Q: There have been many instances where a backup quarterback has stepped up, played well, and rallied a team. Have you seen that happen, particularly in Green Bay in 2013 when Aaron Rodgers was injured and you used a small army of quarterbacks?

McAdoo: “In 2013, we won the division playing four different quarterbacks. Another challenging year, an emotional year. But you play four different guys, the coaches and the players just push through. You got to keep pushing through and finding the positives when you’re going through a tough year, and we ended up winning the division that year right at the end, almost on the last play of the last game when we got Aaron back there. But you learn a lot of lessons along the way. I learned a lot of lessons in 2008 (Rodgers’ first year as the starter after Brett Favre’s long reign), I’ve learned a lot of lessons in 2013, and I’m learning lessons now. You never quit learning. That’s the beautiful thing about professional football, you always keep learning. But I’m confident and I’m at peace with the decision.”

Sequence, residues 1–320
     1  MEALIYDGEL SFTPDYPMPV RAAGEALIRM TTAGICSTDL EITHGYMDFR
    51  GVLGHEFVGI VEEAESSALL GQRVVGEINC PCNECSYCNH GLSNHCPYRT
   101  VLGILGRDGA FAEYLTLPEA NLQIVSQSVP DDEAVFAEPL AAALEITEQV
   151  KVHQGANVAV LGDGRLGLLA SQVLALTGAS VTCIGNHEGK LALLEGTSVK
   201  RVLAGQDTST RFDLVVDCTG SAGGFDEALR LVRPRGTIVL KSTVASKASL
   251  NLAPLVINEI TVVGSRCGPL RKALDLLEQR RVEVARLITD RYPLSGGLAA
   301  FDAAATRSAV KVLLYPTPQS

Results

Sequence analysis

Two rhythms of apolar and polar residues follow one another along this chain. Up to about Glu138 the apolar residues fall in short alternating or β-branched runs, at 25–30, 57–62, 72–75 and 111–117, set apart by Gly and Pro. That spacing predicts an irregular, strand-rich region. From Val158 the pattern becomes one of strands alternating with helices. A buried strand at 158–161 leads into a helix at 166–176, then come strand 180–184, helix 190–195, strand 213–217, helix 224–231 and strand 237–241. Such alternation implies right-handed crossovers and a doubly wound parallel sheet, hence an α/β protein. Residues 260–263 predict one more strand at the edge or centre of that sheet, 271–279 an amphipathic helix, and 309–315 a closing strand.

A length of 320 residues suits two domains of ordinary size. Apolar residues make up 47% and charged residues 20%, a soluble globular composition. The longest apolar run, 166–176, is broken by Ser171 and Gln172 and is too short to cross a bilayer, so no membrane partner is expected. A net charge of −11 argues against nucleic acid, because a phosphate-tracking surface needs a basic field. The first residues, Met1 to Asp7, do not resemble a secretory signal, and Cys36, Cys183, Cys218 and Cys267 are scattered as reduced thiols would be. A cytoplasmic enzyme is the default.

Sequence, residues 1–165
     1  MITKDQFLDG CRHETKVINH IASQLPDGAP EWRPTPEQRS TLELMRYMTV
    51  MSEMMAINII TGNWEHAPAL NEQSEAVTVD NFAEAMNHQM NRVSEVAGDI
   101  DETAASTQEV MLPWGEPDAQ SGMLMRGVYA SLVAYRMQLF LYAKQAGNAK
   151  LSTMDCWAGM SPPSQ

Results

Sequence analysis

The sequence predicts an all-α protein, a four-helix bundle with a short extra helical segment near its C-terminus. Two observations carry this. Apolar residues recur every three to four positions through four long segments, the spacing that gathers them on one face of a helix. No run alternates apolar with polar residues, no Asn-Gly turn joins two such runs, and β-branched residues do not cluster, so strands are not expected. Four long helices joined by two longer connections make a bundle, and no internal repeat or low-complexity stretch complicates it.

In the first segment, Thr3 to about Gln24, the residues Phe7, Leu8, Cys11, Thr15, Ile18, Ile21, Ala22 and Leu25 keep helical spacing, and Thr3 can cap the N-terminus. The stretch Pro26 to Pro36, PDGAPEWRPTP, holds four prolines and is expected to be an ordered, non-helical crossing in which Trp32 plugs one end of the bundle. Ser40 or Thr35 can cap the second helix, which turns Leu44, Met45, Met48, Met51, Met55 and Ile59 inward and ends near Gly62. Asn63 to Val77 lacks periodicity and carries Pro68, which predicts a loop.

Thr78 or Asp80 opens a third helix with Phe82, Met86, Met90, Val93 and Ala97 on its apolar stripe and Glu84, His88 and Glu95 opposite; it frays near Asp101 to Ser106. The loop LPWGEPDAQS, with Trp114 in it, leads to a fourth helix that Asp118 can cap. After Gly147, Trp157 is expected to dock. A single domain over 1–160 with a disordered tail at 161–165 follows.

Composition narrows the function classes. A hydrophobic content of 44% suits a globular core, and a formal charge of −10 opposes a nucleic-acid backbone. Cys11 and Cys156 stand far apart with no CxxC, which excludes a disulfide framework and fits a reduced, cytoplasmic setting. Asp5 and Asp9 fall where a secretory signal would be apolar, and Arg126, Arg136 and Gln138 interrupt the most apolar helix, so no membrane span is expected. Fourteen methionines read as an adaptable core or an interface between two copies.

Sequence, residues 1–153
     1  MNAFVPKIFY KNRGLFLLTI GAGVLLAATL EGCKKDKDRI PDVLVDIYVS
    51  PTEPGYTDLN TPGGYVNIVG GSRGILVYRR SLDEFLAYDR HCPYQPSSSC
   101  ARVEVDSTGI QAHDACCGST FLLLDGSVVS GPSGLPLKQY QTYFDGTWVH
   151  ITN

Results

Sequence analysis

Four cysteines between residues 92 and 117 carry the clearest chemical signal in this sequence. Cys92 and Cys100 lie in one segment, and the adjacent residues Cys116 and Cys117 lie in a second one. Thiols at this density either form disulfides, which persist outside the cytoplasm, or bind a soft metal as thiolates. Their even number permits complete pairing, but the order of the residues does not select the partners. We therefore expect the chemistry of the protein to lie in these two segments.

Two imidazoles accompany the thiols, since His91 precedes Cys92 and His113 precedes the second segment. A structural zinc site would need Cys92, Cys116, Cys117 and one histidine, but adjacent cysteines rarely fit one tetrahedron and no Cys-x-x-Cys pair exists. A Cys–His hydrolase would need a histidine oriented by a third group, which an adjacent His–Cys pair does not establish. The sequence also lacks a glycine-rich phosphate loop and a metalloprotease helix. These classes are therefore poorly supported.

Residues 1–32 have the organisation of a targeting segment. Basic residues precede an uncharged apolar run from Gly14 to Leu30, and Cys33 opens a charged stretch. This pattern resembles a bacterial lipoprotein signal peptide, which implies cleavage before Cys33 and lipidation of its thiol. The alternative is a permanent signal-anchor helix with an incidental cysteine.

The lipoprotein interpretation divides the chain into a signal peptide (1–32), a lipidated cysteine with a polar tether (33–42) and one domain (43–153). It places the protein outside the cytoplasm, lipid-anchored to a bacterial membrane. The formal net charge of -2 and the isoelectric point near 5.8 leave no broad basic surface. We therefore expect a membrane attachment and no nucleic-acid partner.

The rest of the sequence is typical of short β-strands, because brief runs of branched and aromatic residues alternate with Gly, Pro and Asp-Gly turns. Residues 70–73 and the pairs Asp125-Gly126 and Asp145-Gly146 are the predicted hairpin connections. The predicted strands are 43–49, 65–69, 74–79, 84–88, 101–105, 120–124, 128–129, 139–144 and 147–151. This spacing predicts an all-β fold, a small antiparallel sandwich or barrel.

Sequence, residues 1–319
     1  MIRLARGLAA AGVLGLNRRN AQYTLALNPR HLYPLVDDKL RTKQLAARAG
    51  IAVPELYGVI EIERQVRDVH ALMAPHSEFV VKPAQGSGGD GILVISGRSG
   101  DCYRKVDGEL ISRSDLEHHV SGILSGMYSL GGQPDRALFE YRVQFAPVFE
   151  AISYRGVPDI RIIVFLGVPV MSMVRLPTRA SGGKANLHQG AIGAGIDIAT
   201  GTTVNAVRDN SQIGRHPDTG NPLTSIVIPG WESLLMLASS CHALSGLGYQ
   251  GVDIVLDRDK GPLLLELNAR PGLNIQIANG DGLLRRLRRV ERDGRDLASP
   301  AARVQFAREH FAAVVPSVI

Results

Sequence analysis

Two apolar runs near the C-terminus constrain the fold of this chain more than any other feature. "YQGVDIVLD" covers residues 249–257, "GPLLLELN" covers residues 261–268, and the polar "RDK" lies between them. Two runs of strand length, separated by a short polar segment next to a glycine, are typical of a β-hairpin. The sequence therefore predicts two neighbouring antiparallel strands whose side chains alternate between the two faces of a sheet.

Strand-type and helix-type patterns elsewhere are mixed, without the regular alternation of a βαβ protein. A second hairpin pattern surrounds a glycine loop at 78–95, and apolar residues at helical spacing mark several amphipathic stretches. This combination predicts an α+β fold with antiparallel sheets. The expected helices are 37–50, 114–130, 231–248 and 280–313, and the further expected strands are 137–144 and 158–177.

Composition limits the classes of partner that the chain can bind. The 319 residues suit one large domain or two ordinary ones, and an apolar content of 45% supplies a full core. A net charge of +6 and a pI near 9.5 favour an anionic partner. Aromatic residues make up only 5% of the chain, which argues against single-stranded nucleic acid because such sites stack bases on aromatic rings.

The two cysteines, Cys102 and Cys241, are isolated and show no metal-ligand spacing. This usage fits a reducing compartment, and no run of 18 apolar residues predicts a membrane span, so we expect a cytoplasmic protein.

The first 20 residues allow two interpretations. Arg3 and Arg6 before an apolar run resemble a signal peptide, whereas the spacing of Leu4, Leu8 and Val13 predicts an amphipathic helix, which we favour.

Q: But you have seen players, teams, rally around a backup quarterback?

McAdoo: “Absolutely. The competitive fire and the competitive nature in players tends to come out, and the opportunity for the player to show what type of player they are in these types of situations is key.”

Q: You studied Geno very closely before he signed here, and maybe when he was coming out of college. What did you see on tape that made you say, “I think he can come in here and help us?”

McAdoo: “First thing, you see him make throws that very few people can make in the National Football League, let alone anywhere else, so he has an arm. He has some anticipation with that arm. He can throw guys open, so it’s not just the arm strength. He has the touch. I think once he got into this league, you saw his fundamentals improve, his footwork improved. He didn’t get a ton of reps in the offseason, because of the injury (torn ACL) he was coming off of. You got a chance to see him develop as a pro. We just watched every two-minute drive he had with the Jets last night, so that was encouraging to see. He’s had a lot of success in two-minute situations. And really just him picking up the offense and growing that way. He’s been humbled, and I think when you’ve been humbled, I think your best can come out.”